Thursday, March 7, 2019

Court Affirms Defraud Conspiracy Conviction; Rejects Lesser Included Offense Argument (3/7/19)

In United States v. Bradley, ___ F.3d ___, 2019 U.S. App. LEXIS 6258 (6th Cir. 2019), here, the court affirmed Bradley's defraud conspiracy conviction.  Bradley made three arguments on appeal: (i) constructive amendment or variance to the indictment; (ii) improper argument by the prosecutor that misstated the Government's burden to prove guilt beyond a reasonable doubt; and (iii) failure to give a lesser included offense instruction.

I will not discuss the first two issues, but those with the time might want to look particularly at the improper argument issue where the Court found the arguments improper but not prejudicial.  The Court's discussion (including quotes from the argument) is on Slip Op. 12-16.

Now, looking at the lesser included offense issue, Bradley was convicted of the defraud conspiracy which, under the conspiracy statute (18 USC 371) is a felony.  Remember that the conspiracy statute has two types of conspiracy -- the offense conspiracy to commit a specific offense otherwise criminalize and the defraud conspiracy (also called Klein conspiracy) to impair or impede the functions of the IRS through fraud or deceit.  Bradley was charged with the felony defraud conspiracy.  He wanted an instruction on the offense conspiracy to commit a misdemeanor offense (§§ 7203 and 7204).  The felony statute says that a conspiracy to commit a misdemeanor is a misdemeanor rather than a felony.

The Sixth Circuit stated its lesser included offense requirements as requiring:
(1) a proper request is made; (2) the elements of the lesser offense are identical to part of the elements of the greater offense; (3) the evidence would support a conviction on the lesser offense; and (4) the proof on the element or elements differentiating the two crimes is sufficiently disputed so that a jury could consistently acquit on the greater offense and convict on the lesser.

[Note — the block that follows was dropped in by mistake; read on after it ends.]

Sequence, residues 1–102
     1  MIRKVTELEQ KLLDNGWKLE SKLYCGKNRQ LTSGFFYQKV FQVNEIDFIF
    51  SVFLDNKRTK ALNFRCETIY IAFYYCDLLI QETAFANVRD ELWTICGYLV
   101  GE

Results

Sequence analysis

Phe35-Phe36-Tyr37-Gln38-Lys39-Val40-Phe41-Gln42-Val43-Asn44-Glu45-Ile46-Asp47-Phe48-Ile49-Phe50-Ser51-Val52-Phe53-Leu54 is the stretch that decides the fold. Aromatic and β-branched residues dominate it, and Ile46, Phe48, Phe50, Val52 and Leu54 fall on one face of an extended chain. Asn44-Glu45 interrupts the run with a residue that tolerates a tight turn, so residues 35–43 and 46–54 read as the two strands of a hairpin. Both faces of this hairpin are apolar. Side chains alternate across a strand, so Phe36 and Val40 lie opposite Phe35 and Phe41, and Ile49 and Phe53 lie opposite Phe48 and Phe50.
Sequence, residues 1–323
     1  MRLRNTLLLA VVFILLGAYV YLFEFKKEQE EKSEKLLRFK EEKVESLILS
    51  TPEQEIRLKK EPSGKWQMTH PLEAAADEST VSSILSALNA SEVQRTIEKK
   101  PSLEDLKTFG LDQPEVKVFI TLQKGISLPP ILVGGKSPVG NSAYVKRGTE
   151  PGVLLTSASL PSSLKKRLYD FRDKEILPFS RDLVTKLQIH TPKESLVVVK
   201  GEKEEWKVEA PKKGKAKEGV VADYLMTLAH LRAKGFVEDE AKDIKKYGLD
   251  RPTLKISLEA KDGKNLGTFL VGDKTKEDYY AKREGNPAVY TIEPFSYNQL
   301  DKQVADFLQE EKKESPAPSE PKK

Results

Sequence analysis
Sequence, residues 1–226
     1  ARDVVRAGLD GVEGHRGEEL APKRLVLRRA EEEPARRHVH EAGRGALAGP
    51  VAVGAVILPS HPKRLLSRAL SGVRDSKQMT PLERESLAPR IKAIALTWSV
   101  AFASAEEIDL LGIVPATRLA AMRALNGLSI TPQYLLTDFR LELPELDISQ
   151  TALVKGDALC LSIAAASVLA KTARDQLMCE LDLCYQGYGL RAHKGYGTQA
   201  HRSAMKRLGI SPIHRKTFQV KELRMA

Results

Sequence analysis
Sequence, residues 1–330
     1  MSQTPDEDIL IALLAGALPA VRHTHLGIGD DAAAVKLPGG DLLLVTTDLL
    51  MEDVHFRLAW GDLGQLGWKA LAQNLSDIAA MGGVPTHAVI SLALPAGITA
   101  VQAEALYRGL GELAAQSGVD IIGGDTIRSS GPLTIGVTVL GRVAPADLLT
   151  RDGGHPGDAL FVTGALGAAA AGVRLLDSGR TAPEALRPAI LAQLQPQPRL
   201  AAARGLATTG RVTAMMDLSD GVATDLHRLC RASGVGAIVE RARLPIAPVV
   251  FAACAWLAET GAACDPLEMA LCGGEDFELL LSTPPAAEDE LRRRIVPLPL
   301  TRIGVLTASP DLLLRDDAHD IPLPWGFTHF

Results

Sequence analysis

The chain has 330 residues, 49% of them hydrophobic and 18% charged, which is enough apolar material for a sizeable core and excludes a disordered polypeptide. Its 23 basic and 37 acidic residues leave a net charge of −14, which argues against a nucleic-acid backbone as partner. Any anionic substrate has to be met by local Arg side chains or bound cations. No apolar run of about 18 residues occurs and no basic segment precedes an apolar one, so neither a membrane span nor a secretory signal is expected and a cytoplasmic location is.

The Court analyzed the 2d requirement (Slip. Op. 17, cleaned up):
The second criterion of the lesser-included offense analysis requires us to determine whether the elements of the lesser offense are identical to part of the elements of the greater offense. Bradley was charged and convicted for conspiring to defraud the United States—the proposed greater offense. The elements of conspiracy to defraud the United States that the district court charged to the jury are: (1) that two or more persons conspired, or agreed, to defraud the United States, or one of its agencies or departments, by dishonest means, (2) that the defendant knowingly and voluntarily joined the conspiracy, and (3) that a member of the conspiracy did one of the overt acts described in the indictment for the purpose of advancing or helping the conspiracy. The elements of the proposed lesser offense of conspiracy to fail to file W-2s would presumably be: (1) an agreement to fail to file W-2s; (2) one or more overt acts in furtherance of that illegal purpose; and (3) the intent to fail to file W-2s. Similarly, the elements of the lesser offense of conspiracy to fail to issue Form 1099s would be (1) an agreement to fail to issue Form 1099s; (2) one or more overt acts in furtherance of that illegal purpose; and (3) the intent to fail to issue Form 1099s.
Ultimately, though, the Court did not resolve the issue on the merits because Bradley had forfeited the argument because he had not properly presented or preserved the issue.

I think that this is a good reminder that when the Government charges a felony conspiracy (I don't recall it charging a misdemeanor conspiracy), counsel should think creatively about a lesser included offense charge that will permit a jury a way to compromise if the binary choice of guilty or not guilty is not palatable to the jury.  Of course, if the jury with only a binary choice would tilt toward not guilty, a defendant would not want the lesser included offense charge.  But, if the jury would tilt toward guilt, the defendant would want the charge to mitigate the damage.  And, reading the jury's mind on that can be vexing.

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